Larrea tridentata (DC.) Coville
Creosote Bush, Chaparral
Creosote bush is an abundant native of arid parts of North America. These long-lived plants gradually spread out, with central portions dying and outlying portions eventually separating, forming clonal colonies. Taken together, these colonies are extremely long-lived. At 11,700 years old, the “King Clone” creosote colony is the oldest living organism on Earth.
Identification: Plants form irregular bushes up to 10' (3 m) high, but usually closer to half that; the size is proportional to the amount of available water. Yellow flowers are ¾-1" (1.9-2.5 cm) around, with five twisted petals. Seed pods are oval, surrounded by a silvery white fuzz, about ¼" (6.3 mm). Leaves are yellow-green or dark green and shiny, each consisting of two teardrop-shaped leaflets ½" (1.3 cm) long and ¼" (6.3 mm) wide. The two-leaflet leaves grow in opposite pairs, so it looks as if there are four tiny leaves at each node along the branch. Plants give off a characteristic odor when wet or broken.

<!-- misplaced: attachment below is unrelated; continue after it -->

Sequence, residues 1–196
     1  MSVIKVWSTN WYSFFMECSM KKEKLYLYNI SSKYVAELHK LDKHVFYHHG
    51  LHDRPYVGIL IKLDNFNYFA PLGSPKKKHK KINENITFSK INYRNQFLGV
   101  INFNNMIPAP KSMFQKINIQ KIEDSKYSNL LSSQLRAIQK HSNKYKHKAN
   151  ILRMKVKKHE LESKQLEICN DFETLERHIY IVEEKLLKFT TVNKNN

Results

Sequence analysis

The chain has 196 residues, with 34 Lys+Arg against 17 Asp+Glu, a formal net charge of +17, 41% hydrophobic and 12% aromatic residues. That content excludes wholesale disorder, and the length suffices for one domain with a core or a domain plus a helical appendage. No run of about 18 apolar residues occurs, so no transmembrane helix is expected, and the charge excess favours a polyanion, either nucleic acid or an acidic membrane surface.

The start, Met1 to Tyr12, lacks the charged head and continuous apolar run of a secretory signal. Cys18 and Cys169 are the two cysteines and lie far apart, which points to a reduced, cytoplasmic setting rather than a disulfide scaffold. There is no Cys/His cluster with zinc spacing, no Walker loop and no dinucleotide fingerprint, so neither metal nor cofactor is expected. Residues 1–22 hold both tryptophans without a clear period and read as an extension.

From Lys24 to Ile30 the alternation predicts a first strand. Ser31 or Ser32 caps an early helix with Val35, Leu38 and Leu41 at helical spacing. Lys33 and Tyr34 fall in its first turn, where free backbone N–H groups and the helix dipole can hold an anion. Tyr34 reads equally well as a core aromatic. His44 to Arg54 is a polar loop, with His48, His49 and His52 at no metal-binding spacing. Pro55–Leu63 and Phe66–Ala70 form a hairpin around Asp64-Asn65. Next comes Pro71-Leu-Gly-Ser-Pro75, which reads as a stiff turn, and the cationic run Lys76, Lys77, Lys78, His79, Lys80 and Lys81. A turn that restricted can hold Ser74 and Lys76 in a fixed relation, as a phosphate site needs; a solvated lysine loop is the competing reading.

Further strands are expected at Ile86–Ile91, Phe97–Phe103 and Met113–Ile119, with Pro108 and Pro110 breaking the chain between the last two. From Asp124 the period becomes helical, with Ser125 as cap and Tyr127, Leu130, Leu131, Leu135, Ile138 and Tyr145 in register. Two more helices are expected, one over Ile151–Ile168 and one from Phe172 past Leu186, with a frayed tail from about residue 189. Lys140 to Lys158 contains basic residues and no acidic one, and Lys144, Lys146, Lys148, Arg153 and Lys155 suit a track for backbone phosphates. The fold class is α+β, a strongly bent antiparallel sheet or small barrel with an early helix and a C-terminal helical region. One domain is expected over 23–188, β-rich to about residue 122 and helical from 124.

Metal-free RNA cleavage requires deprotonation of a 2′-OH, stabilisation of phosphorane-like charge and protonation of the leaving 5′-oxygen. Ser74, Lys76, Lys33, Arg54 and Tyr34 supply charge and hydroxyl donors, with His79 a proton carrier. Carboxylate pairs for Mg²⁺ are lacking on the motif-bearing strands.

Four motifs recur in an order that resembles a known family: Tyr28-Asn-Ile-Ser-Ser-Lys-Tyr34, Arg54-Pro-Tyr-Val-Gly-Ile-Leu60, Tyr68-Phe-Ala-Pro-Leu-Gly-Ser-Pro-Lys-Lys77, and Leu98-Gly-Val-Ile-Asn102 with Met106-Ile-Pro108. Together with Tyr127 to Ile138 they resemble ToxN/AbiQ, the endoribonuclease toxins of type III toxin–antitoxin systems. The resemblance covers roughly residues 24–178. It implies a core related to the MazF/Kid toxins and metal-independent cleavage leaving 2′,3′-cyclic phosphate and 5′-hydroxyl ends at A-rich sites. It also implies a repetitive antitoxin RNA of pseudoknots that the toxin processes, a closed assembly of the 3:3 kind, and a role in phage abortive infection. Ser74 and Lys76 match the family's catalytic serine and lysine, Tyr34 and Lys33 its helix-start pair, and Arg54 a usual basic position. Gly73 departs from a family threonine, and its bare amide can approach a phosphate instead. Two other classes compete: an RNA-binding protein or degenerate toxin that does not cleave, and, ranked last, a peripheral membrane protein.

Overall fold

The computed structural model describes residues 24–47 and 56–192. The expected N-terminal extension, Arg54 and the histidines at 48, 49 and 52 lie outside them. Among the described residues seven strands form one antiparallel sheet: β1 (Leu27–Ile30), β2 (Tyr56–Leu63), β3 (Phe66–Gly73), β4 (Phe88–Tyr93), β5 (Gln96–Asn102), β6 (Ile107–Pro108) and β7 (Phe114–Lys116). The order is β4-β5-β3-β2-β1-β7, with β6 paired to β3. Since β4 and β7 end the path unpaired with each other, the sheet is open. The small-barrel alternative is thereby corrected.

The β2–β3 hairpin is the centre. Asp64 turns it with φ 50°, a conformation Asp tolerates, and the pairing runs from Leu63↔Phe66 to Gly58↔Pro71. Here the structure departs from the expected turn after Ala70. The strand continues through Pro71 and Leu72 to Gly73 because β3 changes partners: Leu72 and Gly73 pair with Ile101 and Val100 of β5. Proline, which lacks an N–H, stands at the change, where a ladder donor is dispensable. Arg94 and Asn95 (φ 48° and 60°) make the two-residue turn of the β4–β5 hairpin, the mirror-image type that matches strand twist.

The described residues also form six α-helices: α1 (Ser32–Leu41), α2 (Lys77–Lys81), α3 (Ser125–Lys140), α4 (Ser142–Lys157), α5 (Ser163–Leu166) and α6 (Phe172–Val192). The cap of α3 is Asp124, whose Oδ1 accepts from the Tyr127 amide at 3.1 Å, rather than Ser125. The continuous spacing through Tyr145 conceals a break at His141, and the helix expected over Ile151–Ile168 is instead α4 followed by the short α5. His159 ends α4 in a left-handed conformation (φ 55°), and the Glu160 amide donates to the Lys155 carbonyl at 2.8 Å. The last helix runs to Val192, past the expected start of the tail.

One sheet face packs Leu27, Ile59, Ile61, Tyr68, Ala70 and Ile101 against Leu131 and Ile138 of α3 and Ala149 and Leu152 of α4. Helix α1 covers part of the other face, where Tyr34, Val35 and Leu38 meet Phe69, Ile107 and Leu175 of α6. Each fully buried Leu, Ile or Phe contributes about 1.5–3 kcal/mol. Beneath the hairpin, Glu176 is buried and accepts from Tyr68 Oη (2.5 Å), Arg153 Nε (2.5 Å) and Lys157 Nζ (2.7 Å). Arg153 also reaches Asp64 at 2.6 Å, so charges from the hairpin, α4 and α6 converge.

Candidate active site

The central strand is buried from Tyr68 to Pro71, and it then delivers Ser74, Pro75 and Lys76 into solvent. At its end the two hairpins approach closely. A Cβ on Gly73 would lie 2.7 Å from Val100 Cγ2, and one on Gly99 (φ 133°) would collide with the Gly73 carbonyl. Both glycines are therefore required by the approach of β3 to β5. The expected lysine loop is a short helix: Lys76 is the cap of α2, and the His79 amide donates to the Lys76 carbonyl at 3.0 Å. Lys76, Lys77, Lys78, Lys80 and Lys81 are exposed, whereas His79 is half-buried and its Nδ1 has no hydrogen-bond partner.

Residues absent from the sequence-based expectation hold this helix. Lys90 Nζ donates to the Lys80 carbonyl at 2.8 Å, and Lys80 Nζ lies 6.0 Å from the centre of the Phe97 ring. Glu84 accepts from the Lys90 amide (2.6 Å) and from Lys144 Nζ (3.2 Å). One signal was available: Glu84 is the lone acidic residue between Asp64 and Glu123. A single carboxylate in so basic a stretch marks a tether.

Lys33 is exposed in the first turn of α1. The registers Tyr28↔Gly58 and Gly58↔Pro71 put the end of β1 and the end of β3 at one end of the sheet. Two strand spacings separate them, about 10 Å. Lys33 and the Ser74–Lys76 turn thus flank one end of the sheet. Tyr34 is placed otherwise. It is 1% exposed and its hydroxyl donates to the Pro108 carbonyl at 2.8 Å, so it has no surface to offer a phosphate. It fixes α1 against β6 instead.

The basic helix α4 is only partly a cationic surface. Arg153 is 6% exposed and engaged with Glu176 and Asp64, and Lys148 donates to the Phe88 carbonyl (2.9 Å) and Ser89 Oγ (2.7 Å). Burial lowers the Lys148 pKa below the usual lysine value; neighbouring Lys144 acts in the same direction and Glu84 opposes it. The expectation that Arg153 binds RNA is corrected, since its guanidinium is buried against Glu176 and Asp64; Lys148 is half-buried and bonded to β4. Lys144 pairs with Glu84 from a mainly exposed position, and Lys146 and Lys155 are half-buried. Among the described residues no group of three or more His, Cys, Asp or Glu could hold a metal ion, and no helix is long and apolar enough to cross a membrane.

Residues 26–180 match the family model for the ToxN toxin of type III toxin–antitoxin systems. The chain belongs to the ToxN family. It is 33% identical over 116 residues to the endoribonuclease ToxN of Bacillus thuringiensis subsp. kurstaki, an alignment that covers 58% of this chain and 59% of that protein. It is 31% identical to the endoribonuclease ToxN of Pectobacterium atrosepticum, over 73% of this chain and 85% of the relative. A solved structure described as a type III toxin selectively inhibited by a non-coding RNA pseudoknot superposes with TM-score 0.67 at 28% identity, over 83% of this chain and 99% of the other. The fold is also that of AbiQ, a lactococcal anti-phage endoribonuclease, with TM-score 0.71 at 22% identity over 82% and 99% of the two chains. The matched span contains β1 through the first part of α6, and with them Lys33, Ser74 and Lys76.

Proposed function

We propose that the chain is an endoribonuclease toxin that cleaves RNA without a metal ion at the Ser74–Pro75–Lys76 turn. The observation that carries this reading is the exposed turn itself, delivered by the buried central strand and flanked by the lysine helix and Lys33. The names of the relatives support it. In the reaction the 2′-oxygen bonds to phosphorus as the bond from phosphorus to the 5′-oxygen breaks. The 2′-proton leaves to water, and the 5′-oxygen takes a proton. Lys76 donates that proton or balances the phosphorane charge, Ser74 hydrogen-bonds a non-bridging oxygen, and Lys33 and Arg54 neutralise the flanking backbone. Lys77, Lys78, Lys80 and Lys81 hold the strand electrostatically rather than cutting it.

Larrea tridentata at the Mindbird Maps and Books unofficial Mojave National Preserve site
Larrea tridentata at Southeastern Arizona Wildflowers and the Plants of the Sonoran Desert
Larrea tridentata on Wikipedia
Larrea tridentata as Compiled by the Master Gardeners of the University of Arizona Pima County Cooperative Extension
Larrea tridentata on Wikimedia Commons
Larrea tridentata at the United States National Parks Service
Larrea tridentata at the Lady Bird Johnson Wildflower Center
Larrea tridentata on the USDA Forest Service's Fire Effects Information Database
Larrea tridentata on Vascular Plants of the Gila Wilderness
Larrea tridentata description by Thomas H. Kent, last updated 16 Aug 2013.